Photography by Brian J. Nelson
Monster Graves Yamaha’s Josh Hayes is the face of Superbike racing in the U.S. Next weekend he will march into New Jersey Motorsports Park with a 40-point lead in the championship and, barring an unbelievable bout of bad luck, will emerge with a fourth AMA Superbike title. The 39-year-old Hayes turned professional in 1996 and won his first AMA Supersport race back in 1999. He is the second winningest rider in the AMA Superbike history with 47 wins to his credit. Guess you can say he’s been there, done that.
Now Hayes will race in 2015 in an AMA/FIM-sanctioned series that will be run by Wayne Rainey’s KRAVE Group. He’ll be the new series’ defending Superbike Champion in what will be the debut season of MotoAmerica.
So what did Hayes think when he heard the rumors months ago that Rainey was going to take over from the Daytona Motorsports Group (DMG)?
“Quite honestly every time somebody asked me about it, I told them, ‘Listen until I read a release, I don’t believe anything.’ The rumor was that it was supposed to come out a couple of weeks ago, then it was supposed to come out last week. It was just always supposed to happen and it kept getting pushed back so I just kinda stepped away from it and said, ‘Well, we’ll see when it happens.’ “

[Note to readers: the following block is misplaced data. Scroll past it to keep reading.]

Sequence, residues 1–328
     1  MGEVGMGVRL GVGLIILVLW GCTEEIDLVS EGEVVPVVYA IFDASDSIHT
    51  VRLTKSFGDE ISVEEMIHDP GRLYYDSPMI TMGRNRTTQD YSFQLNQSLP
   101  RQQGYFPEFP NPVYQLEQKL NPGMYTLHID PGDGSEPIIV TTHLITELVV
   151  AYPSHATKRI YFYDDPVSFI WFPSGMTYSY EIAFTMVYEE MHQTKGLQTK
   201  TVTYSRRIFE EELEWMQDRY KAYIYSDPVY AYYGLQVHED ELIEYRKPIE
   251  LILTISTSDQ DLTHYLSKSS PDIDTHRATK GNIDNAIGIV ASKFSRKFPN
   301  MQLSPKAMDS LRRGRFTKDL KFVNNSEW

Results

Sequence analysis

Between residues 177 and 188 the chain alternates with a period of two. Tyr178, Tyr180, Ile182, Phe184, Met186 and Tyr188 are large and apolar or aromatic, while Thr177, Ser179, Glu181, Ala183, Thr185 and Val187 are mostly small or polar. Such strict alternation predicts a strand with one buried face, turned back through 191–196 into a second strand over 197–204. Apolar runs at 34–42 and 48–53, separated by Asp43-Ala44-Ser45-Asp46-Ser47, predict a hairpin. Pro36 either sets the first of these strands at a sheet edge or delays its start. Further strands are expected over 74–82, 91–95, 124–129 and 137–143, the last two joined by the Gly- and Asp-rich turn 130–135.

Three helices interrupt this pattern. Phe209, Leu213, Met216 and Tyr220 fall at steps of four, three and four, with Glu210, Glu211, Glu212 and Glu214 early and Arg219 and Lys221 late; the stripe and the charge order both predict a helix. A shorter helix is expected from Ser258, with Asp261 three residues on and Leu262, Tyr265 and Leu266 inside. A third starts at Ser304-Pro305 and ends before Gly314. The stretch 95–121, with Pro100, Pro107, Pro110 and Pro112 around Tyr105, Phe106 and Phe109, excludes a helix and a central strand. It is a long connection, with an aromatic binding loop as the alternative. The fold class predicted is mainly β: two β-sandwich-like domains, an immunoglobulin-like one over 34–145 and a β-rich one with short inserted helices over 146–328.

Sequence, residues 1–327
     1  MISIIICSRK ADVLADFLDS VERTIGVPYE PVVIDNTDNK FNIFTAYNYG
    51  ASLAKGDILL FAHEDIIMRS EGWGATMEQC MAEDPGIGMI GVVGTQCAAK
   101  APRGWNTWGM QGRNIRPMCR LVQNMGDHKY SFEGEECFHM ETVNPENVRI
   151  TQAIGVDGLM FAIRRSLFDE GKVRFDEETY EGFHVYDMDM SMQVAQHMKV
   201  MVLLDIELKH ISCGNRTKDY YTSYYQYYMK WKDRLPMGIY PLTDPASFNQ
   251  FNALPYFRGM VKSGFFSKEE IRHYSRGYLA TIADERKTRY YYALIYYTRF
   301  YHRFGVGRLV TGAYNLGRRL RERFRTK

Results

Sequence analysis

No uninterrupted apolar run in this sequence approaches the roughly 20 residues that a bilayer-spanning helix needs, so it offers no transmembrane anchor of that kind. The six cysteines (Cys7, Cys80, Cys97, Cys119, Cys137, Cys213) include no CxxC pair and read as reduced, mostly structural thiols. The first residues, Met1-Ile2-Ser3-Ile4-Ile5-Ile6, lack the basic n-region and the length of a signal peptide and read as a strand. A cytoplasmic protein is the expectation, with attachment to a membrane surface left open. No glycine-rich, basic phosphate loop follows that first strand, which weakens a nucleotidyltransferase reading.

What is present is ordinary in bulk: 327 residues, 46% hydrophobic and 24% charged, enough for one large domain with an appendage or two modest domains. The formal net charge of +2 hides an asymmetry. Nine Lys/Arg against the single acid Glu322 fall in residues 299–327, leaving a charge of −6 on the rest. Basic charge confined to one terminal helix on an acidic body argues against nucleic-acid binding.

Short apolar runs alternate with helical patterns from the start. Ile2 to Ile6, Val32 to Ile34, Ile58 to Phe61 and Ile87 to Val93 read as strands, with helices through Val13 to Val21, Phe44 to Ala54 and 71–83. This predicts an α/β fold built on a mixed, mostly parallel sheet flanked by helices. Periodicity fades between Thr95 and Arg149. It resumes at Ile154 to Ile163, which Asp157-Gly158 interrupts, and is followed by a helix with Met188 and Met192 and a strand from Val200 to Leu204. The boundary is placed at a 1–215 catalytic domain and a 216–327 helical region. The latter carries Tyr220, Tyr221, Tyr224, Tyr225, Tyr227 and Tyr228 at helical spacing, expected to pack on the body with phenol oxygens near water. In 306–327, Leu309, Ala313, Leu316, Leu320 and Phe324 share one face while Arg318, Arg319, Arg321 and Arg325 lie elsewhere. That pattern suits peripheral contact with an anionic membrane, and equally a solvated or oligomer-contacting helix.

And now that it has happened… well, it’s hard for a veteran like Hayes not to look back to 2008 when the AMA series was sold to DMG.
“It’s probably very, very cautious optimism for me,” Hayes said. “We’ve kind of gone down this road before and it didn’t go well the last time. This is a good group of people and even if it’s the right group of people, we’re still about to go through a pretty major change. Need it or not, anytime there’s a major change it’s hard. Right now there’s not a lot of information out there about what it’s going to be. There’s an idea, but there’s not a lot of structure in place just yet. I have high hopes for it and hopefully it all goes smooth and well and the reputation and the names involved can bring together the right groups and the manufacturers can work together and we get some more involvement.”
So with 15 years of AMA racing under his belt, what would Hayes change if had Rainey’s ear.
“That’s a hard question,” Hayes said. “I just think the one thing that was missing was the promotion in general. There was the running of the races and that seemed to be a hard enough job, but spending money on promotion was really difficult. People have to know how and where to go watch motorcycle racing. I think we have one of the most exciting sports on the planet, but you still have to get it in people’s faces. Right now it’s not just getting new fans, but also reclaiming our hardcore fans so they will spread the word to the new fans about how cool it is.”